Thursday, July 24, 2008
Newt Hinckley Visits With John Gould at Friendship Back River
My friend Carly sent this spoken-word record to me, and I was stunned.
The two faces on the cover were distant and somewhat obscure in that old monochrome photograph.
What gets remembered and passed down through the years are the things that people think are important. And thus, all sorts of greatness gets tossed away and forgotten. This is one of those albums. There is nothing on here that is truly important or vital. That is one of its greatest virtues – it seems an accident that Newt just happened to be passing by the workshop on his way to dig a hod of clams. And old John Gould just happened to have a tape recorder to turn on as they sat for a spell and talked.
That’s all this is – 45 minutes on 33 ½ inch vinyl of conversation. These two old timers trade town gossip, exchange pleasantries, gently mock the summer tourists, and ruminate on the lost gems of their own history.
The record itself appears to have been a private label release by the Friendship, Maine Folklore Society. No doubt John Gould was affiliated with them. He is the brains behind the operation, but is much more than a simple rustic farmer.
In reality, Gould was a celebrated writer, historian, humorist, and essayist. Born in 1908, he penned some forty books and wrote a weekly column for the Christian Science Monitor for sixty years, from his farm in Friendship. His writing covered the totality of life in the Great Northeast, from sweet memories to trying times of hardship and darkness. He had the detailed focus of a veteran newspaper man, flavored with wry humor and rustic folklore. In one of his last books, at the age of 92, he turned to the bittersweet adventure of growing old, candidly chronicling his move from farm to retirement home. He died in 2003.
Listening to John Gould, I can’t help admiring him. His measured enthusiasm for life is infectious. And, although I never knew him, I get the sense that he moved forward through life with grace and curiosity and intellect. In him, I think I see some of the balance between the rural and the urban life that we have lost, that has eroded thanks to stereotypes, cultural polarization, the loss of dialog, and the decreasing social value placed on learning. Gould exemplifies the Jeffersonian archetype of the scholarly farmer, and I think we have tragically lost that ideal.
Overshadowed by the more talkative Gould, Newt Hinckley is the great mystery of this album. What his story is, and what his fate was, I do not know. I’d have to find someone from Friendship who could fill me in.
In researching this on the web, I basically found nothing. An ebay search revealed another album, with Hinckley reciting a story written by Gould. If any other such recordings exist, I would certainly love to know.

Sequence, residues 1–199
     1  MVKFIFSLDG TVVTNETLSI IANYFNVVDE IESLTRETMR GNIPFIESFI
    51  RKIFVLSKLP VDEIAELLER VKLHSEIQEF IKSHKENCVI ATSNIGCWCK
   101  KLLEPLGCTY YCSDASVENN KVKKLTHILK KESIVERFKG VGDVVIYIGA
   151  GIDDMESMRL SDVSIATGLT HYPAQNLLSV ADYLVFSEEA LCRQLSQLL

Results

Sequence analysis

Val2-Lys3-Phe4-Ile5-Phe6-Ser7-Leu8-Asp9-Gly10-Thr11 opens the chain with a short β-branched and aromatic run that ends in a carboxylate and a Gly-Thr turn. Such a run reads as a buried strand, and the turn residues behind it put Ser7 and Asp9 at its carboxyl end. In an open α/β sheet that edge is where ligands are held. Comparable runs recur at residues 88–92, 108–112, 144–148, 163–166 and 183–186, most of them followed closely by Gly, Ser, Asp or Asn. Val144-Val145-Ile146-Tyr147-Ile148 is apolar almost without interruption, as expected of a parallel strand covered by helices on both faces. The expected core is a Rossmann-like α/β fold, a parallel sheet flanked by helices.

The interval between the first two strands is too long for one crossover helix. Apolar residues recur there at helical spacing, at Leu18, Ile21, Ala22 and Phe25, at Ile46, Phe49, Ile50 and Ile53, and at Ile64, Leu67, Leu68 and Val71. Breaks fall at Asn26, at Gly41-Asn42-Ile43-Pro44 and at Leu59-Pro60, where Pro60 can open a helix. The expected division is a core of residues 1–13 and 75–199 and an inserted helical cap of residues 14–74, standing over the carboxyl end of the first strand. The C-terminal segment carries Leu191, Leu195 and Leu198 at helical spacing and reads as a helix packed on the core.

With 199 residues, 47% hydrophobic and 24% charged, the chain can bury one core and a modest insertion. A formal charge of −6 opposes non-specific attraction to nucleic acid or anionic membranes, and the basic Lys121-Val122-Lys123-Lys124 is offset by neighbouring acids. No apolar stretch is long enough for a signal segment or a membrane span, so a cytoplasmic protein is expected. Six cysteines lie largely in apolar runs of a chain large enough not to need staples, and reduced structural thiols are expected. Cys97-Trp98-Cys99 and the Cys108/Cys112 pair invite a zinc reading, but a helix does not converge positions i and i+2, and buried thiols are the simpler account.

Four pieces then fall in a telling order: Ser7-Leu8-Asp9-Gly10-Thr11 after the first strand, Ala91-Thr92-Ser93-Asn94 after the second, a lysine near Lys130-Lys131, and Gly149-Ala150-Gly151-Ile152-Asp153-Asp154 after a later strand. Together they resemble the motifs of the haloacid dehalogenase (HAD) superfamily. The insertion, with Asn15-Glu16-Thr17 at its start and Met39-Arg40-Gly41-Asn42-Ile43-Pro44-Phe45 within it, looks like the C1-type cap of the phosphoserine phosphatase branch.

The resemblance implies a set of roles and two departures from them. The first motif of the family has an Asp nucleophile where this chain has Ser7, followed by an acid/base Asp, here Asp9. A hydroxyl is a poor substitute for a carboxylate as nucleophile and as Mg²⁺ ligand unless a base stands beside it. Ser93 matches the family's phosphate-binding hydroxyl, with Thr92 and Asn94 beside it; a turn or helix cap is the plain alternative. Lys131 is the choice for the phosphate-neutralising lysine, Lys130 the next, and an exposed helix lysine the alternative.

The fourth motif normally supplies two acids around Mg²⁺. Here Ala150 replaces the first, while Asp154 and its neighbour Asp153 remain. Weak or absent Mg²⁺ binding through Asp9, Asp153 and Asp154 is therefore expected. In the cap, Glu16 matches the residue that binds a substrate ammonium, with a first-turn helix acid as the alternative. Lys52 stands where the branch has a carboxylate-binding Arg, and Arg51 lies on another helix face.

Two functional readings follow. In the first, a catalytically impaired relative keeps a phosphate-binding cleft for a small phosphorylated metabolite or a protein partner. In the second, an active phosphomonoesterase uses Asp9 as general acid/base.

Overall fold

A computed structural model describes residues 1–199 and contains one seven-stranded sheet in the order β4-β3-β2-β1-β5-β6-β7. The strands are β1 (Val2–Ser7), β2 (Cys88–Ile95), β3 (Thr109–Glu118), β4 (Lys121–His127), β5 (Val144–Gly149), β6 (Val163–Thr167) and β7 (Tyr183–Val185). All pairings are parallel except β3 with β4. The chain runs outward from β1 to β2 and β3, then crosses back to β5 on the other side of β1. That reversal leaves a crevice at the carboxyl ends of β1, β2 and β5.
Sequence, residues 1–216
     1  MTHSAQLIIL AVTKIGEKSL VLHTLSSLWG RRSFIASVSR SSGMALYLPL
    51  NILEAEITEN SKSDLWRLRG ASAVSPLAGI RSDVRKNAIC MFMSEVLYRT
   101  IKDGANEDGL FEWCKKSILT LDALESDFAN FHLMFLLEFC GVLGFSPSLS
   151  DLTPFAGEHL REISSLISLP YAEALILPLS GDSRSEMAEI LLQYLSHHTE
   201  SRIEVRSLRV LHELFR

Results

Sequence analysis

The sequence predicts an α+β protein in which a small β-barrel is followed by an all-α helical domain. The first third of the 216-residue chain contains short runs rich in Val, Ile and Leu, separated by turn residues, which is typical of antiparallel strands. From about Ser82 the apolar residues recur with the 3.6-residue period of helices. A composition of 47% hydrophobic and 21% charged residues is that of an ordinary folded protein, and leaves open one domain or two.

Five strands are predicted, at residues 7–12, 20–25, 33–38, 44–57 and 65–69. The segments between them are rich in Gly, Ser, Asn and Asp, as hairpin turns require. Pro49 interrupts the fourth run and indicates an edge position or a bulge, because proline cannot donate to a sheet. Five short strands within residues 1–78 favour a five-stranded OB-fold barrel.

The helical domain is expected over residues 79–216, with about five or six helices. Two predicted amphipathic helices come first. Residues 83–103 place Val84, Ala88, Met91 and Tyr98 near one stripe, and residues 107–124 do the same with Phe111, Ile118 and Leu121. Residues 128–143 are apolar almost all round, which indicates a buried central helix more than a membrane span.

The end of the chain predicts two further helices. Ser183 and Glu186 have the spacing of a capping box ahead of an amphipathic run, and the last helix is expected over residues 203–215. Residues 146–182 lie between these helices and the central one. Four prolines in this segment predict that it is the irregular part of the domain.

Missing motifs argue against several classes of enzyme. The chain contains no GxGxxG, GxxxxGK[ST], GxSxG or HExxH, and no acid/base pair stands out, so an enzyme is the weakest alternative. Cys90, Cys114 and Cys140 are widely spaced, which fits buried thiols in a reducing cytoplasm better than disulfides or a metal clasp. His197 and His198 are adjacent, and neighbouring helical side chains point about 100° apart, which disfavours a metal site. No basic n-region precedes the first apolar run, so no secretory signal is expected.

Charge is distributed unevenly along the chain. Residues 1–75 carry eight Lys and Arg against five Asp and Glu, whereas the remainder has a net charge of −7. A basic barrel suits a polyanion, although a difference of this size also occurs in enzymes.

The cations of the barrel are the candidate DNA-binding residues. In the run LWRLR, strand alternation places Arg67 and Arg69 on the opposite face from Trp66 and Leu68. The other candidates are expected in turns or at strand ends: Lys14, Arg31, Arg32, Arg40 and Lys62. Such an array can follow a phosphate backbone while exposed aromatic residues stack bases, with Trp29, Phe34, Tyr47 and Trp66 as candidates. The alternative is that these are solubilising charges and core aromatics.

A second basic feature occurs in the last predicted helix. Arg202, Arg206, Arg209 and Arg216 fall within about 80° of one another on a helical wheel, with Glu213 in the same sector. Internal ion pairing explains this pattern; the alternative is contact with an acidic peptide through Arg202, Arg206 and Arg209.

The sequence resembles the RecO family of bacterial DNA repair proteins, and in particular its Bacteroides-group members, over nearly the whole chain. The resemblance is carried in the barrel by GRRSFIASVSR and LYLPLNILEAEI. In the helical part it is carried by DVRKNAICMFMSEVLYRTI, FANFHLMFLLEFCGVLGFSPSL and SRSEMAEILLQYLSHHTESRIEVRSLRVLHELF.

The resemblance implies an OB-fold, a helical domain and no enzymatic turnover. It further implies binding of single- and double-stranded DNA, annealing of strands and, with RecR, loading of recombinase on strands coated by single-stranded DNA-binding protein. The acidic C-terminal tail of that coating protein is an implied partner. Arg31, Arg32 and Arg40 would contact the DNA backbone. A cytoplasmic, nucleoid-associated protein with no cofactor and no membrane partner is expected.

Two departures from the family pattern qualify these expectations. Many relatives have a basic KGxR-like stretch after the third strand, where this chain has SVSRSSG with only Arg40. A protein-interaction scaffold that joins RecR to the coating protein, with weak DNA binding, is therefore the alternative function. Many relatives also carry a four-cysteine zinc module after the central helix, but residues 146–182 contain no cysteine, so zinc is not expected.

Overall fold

I wondered through the course of listening to the album how much was staged. Gould certainly sounds like he was playing a part. That seems to make sense – the learned historian adopting tropes in the way a historical re-enactor dons colonial garb at an old stone fort for an ice cream social. Except…he was the real deal. What’s so jarring, I realize, is that I expect artifice. I am consciously seeking out the hidden structures that lie behind all media, the structures we were taught about in school. The same structures and biases that we aren’t taught enough about, that some take for granted, that we must be vigilant against. And probably there are some hidden structures here. But – what a cynic it seems I have become.
The conversation reminds me of listening to my aunts and uncles talk and tell stories. My father’s two brothers get fired up at Christmas and launch into rambling narratives about Old Man So-and-So who lived in Old Somebody’s house down by that dirt road that leads to Somewhere. My mom’s brothers and sisters are that way too, though louder. It’s my dad and his two brothers, though, which really makes me think. So few of that family left alive, and fewer still that I have any memory of. Their stories are populated by such ghosts! These specters vaguely cling to life in each one of those three men. A jumbled piece of story survives. Put the three guys together, and you have the sum total of a little world of people that we will never know.
I’m astonished how quickly we forget. The family that built the farmhouse I grew up in, for example – they’ve been gone for decades. Nobody even remembers their names. They probably aren’t even recorded anywhere. Or, if they are, maybe in a few letters in some attic, or a yellowed deed in a town hall basement to a hayfield that long ago became a forest. And in that forest, near the cliff’s edge, the winding road and the stone wall lanes and the cedar posts, still standing, carrying the remnants of rusty barbed wire in between the thick tall trees. Maybe a deed could explain who owned something, but not why.
My grandfather, who grew up on a farm in Pontiac, Illinois, came east to Amsterdam, New York. There he met my grandmother and started a family. But nobody knows why. I guess that’s what I see in this simple little conversation – a reminder of the lost opportunity to chronicle the why of things.
Crackle and pop. Hiss of vinyl. Hello and goodbye, John Gould.
Download the album here
John Gould on Wikipedia
An Interview with John Gould